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Thank you for your question.
Will you be paying for the property or will it be transferred for no monetary value? If money is paid for the property you will need to have a solicitor as stamp duty etc will also need to be paid. Also, if the property is mortgaged it is likely you will need a solicitor.
It is advisable to have a solicitor however you are able to do so without (if the property is being gifted). You would need to have a TR1 signed by your sibling and send this to Land Registry together with form AP1. You would both need to have an ID1 form completed to show Land Registry that your identity has been verified.
I hope this helps.
Thank you for your message.
Bear with me for a moment while I go through your queries and I will come back to you.
Whereabouts is the property and whereabouts is your sibling, are they UK resident?
If your sibing dies within seven years you will be personally responsible for any IHT falling due on the property. If you die within 7 years of gifting the property then the gift remains in your estate for IHT purposes. As the gains are less than £10,000 then your sibling will not be liable to CGT on the transfer. The gift to your father would be the same as the above, but not the property would not revert if legally transferred to someone.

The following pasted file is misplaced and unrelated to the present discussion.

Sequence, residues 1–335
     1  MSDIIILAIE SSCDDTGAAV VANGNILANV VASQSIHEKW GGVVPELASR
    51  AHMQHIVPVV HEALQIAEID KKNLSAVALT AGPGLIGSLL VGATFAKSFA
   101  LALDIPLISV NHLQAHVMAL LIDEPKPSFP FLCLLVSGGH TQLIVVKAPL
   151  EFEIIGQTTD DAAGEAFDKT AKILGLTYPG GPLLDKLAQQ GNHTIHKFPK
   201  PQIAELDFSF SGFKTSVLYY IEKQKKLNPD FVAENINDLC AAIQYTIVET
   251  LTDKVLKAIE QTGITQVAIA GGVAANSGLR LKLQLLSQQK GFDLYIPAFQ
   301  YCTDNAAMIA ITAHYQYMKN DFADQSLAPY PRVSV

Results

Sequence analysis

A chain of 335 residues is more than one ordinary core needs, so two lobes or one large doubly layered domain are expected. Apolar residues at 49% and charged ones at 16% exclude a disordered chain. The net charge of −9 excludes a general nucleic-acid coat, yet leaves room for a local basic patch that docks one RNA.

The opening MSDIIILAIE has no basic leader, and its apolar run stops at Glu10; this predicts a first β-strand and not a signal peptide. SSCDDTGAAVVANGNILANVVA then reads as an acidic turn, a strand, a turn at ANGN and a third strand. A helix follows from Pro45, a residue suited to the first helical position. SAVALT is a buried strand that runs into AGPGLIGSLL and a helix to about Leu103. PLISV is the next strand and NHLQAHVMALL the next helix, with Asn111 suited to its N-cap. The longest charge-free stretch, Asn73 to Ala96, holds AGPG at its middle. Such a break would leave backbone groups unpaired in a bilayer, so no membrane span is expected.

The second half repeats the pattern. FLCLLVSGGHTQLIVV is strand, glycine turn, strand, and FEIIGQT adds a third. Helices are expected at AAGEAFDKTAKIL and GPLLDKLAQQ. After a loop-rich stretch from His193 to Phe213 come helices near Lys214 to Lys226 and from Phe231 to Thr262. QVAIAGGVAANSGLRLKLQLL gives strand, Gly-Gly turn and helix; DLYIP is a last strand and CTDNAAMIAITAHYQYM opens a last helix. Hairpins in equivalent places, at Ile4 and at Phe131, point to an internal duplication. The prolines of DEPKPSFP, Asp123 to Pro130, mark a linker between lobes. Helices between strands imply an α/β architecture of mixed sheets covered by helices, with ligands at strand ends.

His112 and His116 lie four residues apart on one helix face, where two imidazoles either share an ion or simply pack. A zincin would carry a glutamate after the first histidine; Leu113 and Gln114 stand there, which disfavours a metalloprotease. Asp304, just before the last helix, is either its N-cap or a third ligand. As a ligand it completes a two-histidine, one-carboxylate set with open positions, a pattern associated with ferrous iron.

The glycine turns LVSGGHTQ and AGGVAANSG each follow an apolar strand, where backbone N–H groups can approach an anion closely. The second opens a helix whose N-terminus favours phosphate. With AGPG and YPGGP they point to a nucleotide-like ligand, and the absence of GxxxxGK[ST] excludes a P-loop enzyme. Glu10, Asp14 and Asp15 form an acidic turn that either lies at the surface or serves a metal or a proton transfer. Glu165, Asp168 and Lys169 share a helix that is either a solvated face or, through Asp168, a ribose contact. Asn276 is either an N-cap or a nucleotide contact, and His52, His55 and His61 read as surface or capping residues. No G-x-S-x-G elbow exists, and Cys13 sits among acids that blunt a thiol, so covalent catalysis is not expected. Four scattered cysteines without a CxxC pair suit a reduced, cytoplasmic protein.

If you buy and own your main home then any other property is a second home
hi you will have to request the call again I think
Do you have any further questions?
Pleasure speaking just now. As discussed, if you are buying a second home you pay an extra 3% in Stamp Duty on top of the current rates for each band:
For example currently if you are purchasing a property less than £500,000 as a primary residence you will now pay no stamp duty. If you then decide to buy a second home which is less than £500,000 you pay 3% in stamp duty i.e. an extra 3% on top of the current rate (zero). I trust this assists.
Hello, yes, someone leaving a property to direct descendants is entitled to the extra allowance, however I do not know if there may be a technicality where that home in question has first been gifted to him by his own beneficiaries and no, it would not cover both properties he would have to elect which one.
Please rate my response as before given the extra detailed questions